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Postby Guest » Tue Dec 15, 2009 2:01 pm

Prevention is easier than trying to cure now...
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Postby BlurBee » Tue Dec 15, 2009 2:30 pm

One of the quotes from Albert Einstein:
"Nothing will benefit human health and increase the chances for survival of life on Earth as much as the evolution to a vegetarian diet."

In order to "cure" our Earth, will u give up ur meat diet?

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Postby BlurBee » Tue Dec 15, 2009 2:39 pm

A recent authoritative report published by the World Watch institute, authors Goodland and Anhang concluded that over 51% of greenhouse gases (GHGs) emissions come from Livestock.

In the run up to the Copenhagen climate change summit, it is vital the following information be disseminated to the public as well as to our political leaders.

A widely cited 2006 report by the United Nations Food and Agriculture Organization, Livestock’s Long Shadow, estimates that 18 percent of annual worldwide greenhouse gas (GHG) emissions are attributable to livestock….however recent analysis by Goodland and Anhang co-authors of “Livestock and Climate Change” in the latest issue of World Watch magazine found that livestock and their byproducts actually account for at least 32.6 billion tons of carbon dioxide per year, or 51 percent of annual worldwide GHG emissions!

The main sources of GHGs from animal agriculture are:

Deforestation of the rainforests to grow feed for livestock.
Methane from manure waste. – Methane is 72 times more potent as a global warming gas than CO2
Refrigeration and transport of meat around the world.
Raising, processing and slaughtering of the animal.
Meat production also uses a massive amount of water and other resources which would be better used to feed the world’s hungry and provide water to those in need.

Based on their research, Goodland and Anhang conclude that replacing livestock products with soy-based and other alternatives would be the best strategy for reversing climate change. They say “This approach would have far more rapid effects on GHG emissions and their atmospheric concentrations-and thus on the rate the climate is warming-than actions to replace fossil fuels with renewable energy.”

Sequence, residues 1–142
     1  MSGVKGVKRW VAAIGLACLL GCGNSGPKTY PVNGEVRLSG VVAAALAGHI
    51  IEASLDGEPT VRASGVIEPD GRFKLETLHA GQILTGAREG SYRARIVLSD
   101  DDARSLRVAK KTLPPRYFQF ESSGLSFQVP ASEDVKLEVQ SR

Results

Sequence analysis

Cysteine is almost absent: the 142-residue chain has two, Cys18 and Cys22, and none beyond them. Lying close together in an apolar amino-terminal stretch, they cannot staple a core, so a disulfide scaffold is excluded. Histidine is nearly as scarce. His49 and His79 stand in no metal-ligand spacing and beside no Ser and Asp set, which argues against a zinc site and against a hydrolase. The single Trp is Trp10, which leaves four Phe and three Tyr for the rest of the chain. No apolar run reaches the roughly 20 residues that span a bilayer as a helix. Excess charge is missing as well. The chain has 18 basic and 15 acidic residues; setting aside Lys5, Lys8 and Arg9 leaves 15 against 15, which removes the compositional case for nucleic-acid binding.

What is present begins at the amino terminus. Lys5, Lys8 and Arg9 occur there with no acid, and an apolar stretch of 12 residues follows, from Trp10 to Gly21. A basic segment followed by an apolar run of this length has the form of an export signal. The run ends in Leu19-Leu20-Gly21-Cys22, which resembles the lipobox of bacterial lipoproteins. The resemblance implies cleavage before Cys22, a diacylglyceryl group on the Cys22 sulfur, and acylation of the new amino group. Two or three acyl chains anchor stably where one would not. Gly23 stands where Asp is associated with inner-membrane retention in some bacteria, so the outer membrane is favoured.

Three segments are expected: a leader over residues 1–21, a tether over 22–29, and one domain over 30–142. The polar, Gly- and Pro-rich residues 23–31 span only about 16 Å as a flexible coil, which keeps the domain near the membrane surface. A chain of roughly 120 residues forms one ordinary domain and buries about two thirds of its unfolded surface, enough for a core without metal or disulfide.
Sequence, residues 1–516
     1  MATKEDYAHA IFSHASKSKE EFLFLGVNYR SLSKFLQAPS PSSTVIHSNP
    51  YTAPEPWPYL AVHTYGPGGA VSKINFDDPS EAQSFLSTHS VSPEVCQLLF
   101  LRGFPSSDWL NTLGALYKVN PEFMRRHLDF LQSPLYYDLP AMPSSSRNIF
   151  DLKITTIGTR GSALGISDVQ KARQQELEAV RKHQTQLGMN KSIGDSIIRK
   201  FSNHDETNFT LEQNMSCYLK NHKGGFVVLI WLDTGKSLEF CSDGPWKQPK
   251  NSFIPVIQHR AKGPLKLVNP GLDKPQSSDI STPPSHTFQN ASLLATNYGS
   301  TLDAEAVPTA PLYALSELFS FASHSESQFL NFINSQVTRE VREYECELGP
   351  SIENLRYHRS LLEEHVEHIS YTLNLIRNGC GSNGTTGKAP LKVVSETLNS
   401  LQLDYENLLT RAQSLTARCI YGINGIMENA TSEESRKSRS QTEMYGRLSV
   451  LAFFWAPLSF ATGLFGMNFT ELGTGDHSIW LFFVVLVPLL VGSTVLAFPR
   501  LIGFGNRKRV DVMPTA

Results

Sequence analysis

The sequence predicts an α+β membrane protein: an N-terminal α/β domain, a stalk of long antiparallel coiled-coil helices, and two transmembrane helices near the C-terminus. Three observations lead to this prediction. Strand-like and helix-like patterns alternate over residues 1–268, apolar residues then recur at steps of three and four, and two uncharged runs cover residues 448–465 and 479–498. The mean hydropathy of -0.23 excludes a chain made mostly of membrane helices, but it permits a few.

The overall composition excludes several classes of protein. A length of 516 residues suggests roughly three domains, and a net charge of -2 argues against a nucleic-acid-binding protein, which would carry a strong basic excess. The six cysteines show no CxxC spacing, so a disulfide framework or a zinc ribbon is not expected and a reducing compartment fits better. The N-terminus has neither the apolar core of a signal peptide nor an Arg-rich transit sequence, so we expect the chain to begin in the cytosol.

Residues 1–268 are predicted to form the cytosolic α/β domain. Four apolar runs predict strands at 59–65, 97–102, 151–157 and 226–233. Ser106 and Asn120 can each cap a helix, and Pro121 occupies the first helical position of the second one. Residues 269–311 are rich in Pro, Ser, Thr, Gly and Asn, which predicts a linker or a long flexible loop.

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Postby 3Boys » Tue Dec 15, 2009 3:12 pm

BlurBee wrote:In order to "cure" our Earth, will u give up ur meat diet?


Errr....no?

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Postby Guest » Tue Dec 15, 2009 3:58 pm

BlurBee wrote:One of the quotes from Albert Einstein:
"Nothing will benefit human health and increase the chances for survival of life on Earth as much as the evolution to a vegetarian diet."

In order to "cure" our Earth, will u give up ur meat diet?


Actually I am fine with it. Personal experience tells me that I am healthier when I eat less meat and I am happy to revert to it.
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Postby Guest » Tue Dec 15, 2009 3:59 pm

3Boys wrote:
BlurBee wrote:In order to "cure" our Earth, will u give up ur meat diet?


Errr....no?


Men are usually big meat eaters so this would be a tough call.
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Postby 3Boys » Tue Dec 15, 2009 5:56 pm

ks2me wrote:Men are usually big meat eaters so this would be a tough call.


I am all for climate change control measures, but I suppose I am not in favour of it being turned into a vegetarian movement. Eat LESS meat, perhaps, travel less, use aircon less, all good. Stop meat altogether? Ummm, extreme in my view.

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Postby Guest » Tue Dec 15, 2009 6:07 pm

3Boys wrote:
ks2me wrote:Men are usually big meat eaters so this would be a tough call.


I am all for climate change control measures, but I suppose I am not in favour of it being turned into a vegetarian movement. Eat LESS meat, perhaps, travel less, use aircon less, all good. Stop meat altogether? Ummm, extreme in my view.


Agree, even if everyone just eats LESS meat, it would probably help ALOT already. :celebrate: